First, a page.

The Intelligent Entrepreneur is a fantastic mixture of entrepreneurial advice and challenging, yet encouraging, business anecdotes. The latter focus on the entrepreneurial evolution of three Harvard Business School graduates. In the first chapter, Murphy explains how he chose which aspiring businessmen and businesswomen to follow. Being that he was only assessing the development of HBS students, he realized that his subjects were already beginning at the top of the totem pole, however he tried to pick three students without profuse advantages that wouldn’t otherwise be available to the average entrepreneur.
His analysis of the HBS curriculum, how it affected his subject’s post-graduate entrepreneurial state, and finally, of the normal ups and downs surrounding the start of own’s own venture, focused on the experiences of the three entrepreneurs, Marc Cenedella (TheLadders.com), Marla Malcom Beck (Bluemercury.com), and Chris Michel (Military.com, Affinity Labs). While equally successful upon their enterprises’ full instatement, Marc’s, Marla’s and Chris’s’ stories presented different failures and successes that one is sure to encounter while pursuing their respective interest. The subsequent “entrepreneurial tactics” chapters, effectively present greater business concepts and help to tie all of the stories together. For example, chapter 3, following the introduction of the three aspiring entrepreneurs in chapter 2, outlines the golden rules which structure the ensuing sections (listed below).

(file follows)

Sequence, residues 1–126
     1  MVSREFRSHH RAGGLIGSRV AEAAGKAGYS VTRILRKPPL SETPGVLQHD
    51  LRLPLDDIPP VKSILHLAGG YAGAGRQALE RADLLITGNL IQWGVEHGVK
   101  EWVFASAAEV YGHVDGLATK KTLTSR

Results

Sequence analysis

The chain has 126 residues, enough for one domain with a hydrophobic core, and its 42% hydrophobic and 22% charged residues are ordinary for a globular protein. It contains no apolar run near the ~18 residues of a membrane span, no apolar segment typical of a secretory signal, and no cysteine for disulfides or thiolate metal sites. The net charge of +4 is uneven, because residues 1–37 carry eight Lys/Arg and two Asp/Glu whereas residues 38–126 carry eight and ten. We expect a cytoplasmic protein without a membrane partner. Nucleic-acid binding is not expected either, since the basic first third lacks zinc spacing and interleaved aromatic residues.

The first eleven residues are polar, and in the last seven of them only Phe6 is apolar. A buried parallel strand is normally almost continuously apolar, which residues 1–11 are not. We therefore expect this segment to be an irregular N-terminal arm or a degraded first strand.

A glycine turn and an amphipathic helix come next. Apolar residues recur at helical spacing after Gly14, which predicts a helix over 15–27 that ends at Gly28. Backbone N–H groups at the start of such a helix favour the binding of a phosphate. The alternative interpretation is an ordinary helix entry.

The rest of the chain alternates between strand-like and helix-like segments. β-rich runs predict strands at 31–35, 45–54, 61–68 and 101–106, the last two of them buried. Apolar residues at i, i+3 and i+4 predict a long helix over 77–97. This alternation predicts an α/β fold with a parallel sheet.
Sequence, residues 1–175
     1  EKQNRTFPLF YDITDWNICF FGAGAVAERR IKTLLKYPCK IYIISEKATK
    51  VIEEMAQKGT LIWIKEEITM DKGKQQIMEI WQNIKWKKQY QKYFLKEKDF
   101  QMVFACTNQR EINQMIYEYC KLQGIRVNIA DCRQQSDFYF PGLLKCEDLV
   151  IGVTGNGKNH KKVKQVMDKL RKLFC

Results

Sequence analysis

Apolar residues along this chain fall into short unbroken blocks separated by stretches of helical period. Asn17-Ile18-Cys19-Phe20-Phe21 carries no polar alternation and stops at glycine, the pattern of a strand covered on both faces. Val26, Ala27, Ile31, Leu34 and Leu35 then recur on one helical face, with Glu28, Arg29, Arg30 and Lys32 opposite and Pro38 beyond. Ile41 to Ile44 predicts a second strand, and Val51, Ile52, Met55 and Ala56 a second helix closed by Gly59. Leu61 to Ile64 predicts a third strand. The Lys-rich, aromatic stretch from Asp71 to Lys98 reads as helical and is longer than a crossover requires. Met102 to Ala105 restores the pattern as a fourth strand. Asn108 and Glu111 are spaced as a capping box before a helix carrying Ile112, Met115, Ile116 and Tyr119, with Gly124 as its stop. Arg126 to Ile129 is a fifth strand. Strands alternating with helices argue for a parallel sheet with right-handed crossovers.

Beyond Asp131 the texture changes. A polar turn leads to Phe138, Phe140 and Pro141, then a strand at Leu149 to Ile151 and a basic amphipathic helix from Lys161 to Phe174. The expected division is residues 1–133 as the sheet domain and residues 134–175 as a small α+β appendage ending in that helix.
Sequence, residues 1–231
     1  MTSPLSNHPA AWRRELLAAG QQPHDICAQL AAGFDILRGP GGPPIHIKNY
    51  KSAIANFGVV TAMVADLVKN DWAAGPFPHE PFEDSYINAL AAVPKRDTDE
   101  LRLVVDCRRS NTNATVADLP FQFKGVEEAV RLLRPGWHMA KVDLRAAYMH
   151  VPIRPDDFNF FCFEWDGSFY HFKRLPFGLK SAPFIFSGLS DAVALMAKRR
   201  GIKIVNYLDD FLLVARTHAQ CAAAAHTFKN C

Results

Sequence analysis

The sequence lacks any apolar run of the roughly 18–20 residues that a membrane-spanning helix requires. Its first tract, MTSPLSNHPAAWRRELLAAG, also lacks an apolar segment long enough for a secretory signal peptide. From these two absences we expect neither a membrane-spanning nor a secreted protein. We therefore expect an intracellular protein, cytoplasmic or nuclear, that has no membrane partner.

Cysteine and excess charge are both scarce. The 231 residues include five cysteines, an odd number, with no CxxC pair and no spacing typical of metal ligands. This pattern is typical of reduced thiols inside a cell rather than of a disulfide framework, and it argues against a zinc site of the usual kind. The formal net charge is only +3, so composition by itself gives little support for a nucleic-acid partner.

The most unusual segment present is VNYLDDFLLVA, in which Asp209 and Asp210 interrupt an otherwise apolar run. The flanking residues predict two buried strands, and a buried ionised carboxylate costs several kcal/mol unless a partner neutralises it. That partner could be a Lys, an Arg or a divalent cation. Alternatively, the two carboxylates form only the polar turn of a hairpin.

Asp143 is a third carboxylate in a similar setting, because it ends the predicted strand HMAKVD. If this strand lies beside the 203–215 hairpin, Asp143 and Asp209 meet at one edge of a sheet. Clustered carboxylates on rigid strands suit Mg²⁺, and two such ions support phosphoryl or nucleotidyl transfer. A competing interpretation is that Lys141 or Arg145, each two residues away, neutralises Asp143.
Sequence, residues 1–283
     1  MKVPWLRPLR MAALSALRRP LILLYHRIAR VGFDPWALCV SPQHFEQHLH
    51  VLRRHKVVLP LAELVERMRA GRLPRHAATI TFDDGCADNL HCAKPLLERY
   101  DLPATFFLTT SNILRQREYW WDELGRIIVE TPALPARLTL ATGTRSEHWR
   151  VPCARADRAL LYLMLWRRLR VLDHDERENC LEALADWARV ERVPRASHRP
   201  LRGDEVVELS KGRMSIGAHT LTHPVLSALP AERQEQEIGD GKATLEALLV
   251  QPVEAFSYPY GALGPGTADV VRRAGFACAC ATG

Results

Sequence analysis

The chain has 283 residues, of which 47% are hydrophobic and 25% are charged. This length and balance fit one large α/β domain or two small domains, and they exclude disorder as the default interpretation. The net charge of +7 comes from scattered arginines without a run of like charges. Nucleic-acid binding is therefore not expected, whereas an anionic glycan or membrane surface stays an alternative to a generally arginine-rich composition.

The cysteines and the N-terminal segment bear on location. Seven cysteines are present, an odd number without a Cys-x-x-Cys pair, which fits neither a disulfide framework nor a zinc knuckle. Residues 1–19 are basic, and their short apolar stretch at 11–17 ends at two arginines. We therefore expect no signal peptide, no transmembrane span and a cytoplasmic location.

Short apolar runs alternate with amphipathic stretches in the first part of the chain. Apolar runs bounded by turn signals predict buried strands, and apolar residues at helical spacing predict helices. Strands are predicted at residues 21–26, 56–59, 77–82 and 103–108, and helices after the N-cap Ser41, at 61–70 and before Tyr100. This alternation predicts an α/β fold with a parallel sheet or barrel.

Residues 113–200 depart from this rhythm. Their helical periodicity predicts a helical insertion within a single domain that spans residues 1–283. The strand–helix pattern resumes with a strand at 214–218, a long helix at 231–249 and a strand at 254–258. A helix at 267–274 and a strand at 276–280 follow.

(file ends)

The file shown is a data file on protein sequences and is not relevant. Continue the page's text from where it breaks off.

- Make the commitment.
- Find a problem, then solve it.
- Think big, think new, think again.
- You can’t do it alone.
- You must do it alone.
- Manage risk.
- Learn to lead.
- Learn to sell.
- Persist, persevere, prevail.
- Play the game for life.
Additionally, in chapter 12, Murphy presents more specific goals one should keep in mind while pursuing their own venture–goals which Marc, Marla and Chris followed religiously (listed below).
- Don’t overanalyze your venture into excessive caution
- Get to know other entrepreneurs (in order to strengthen your “well of confidence”)
- Call or e-mail people you respect and wish to emulate.
- Inventory your own successes (especially those that others believed you couldn’t do).
- Read about successful entrepreneurs
- Remember that you have to learn things on your own.
Advice similar to the aforementioned rules and goals are ubiquitous in The Intelligent Entrepreneur. In my opinion, it was a fantastic conglomeration of entrepreneurial experiences and essential concepts used by said entrepreneurs, the latter of which being commonly overlooked in business text that includes any fiction-styled storytelling. Even more importantly, the book delves directly into the “are entrepreneurs born or made” debate, and serves as an encouraging analysis for those who believe they weren’t born with the “entrepreneurial spirit.”
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